While other EHR vendors have undergone layoffs in recent months, Epic has gone the opposite direction, expanding hiring and building new facilities.
How did the Wisconsin-based company do it? By remaining privately owned and not overhiring, its leaders say.
“We hire very carefully,” a spokesperson emailed Becker’s. “We make sure to stay within our hiring goals and not to hire beyond the work that we know is ahead of us.”
Epic is constructing three new buildings at its 260-acre Verona, Wis., headquarters to make way for an expansion of 1,700 employees this year. The company has about 13,000 staffers worldwide (with most of them located at the Wisconsin campus).
By contrast, Oracle Cerner has reportedly been laying off hundreds of employees and freezing promotions and raises. Athenahealth, a smaller EHR vendor, let go of 178 employees in early 2023. Meanwhile, Big tech companies such as Amazon and Meta Platforms have been undergoing workforce reductions in the five-figures.
In a March 23 story on the layoffs at Oracle Cerner, Bloomberg noted that Oracle is “famous for its cost cuts and high profits.”
Unlike Oracle, which bought Cerner last June for $28.4 billion, Epic has remained privately held since its 1979 inception.
“Publicly traded companies might feel the need to focus on quarterly earnings,” the Epic spokesperson said. “By laying people off, their earnings may be greater (at least temporarily), and their stock value may increase. Since Epic isn’t publicly traded, we don’t have those pressures.”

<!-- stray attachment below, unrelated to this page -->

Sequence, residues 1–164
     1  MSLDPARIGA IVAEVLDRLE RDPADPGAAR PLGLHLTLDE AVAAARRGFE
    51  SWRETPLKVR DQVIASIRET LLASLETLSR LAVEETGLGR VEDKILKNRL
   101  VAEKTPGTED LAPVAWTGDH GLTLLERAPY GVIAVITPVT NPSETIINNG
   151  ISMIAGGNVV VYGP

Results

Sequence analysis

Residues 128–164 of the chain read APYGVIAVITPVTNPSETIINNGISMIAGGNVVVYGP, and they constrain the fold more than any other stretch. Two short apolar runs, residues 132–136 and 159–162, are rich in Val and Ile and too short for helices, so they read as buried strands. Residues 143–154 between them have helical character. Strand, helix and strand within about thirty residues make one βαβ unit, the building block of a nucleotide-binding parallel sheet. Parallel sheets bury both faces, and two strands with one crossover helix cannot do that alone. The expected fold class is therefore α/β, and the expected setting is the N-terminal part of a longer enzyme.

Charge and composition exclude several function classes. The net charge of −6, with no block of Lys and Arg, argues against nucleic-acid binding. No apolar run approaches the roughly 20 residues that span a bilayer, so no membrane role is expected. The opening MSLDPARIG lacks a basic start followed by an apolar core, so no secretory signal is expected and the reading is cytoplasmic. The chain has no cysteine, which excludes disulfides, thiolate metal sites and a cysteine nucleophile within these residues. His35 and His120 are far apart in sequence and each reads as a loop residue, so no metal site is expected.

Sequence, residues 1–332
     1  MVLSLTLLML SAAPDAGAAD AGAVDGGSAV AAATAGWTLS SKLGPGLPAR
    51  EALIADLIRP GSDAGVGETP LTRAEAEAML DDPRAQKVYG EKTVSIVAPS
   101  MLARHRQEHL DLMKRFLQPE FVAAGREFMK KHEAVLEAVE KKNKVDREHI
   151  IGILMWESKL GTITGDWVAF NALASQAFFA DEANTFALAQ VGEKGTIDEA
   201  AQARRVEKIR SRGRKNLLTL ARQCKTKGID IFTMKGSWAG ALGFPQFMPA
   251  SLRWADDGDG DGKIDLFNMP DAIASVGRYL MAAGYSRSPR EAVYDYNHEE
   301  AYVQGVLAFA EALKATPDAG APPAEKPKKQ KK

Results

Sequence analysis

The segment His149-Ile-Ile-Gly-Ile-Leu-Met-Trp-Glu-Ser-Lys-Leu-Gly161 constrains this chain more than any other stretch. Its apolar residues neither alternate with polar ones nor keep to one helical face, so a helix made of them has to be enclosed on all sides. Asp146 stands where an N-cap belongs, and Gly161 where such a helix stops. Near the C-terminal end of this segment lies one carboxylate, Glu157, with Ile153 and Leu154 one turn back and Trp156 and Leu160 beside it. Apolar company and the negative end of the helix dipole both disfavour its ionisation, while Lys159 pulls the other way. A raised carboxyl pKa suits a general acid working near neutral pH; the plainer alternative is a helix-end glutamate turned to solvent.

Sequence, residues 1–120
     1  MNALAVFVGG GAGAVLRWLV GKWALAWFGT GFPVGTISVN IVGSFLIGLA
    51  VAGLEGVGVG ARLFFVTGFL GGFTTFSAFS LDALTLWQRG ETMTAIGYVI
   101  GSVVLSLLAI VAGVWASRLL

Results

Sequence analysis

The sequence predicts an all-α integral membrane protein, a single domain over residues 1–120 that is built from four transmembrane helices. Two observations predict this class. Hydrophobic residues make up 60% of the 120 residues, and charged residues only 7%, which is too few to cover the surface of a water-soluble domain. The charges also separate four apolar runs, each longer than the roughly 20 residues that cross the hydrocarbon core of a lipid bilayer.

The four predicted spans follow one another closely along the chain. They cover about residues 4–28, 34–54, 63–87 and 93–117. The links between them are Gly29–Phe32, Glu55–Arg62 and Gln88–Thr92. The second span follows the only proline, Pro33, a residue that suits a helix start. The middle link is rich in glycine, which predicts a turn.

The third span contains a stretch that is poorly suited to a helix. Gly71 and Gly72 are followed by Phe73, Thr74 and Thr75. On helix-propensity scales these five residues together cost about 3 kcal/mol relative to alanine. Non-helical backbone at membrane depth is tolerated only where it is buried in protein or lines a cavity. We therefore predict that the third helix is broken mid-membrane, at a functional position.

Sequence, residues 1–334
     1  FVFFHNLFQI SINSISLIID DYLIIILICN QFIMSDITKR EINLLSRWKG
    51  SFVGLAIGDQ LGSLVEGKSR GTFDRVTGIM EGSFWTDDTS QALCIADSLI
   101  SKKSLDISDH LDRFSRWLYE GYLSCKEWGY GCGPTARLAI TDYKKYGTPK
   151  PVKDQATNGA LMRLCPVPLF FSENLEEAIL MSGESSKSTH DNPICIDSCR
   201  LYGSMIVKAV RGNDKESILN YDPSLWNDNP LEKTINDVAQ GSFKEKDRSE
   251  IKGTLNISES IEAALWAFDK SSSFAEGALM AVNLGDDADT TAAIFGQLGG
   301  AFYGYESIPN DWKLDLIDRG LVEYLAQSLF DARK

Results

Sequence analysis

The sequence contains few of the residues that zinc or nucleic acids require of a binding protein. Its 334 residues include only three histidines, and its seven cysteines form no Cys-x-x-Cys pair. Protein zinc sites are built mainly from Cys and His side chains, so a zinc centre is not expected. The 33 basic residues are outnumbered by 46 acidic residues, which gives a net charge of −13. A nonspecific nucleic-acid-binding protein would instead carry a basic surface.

The spokesperson noted that the company’s voluntary turnover average over the last three years, 11 percent, was lower than the information (19 percent), healthcare (29 percent) and private (34 percent) sectors as a whole, according to Bureau of Labor Statistics data.
Former Epic employees recently described working for the company as a demanding but valuable experience. Epic is also famous for the charm and amenities at its rural headquarters, which include a slide, treehouse and small farm, to go with spaces themed after “Harry Potter,” “Alice in Wonderland” and “Wizard of Oz.”
Meditech, the nation’s third-largest EHR vendor by hospital market share (and also privately held), told Becker’s it has beaten the larger tech-industry odds as well, adding more than 600 staff members in 2022 and hiring in “strategic areas” during the first quarter of 2023.
“As with every company, we monitor the business and economic conditions of the industry and will adjust plans as needed to ensure we remain strongly positioned to service our customers and ensure their success while remaining a financially strong organization,” a spokesperson emailed.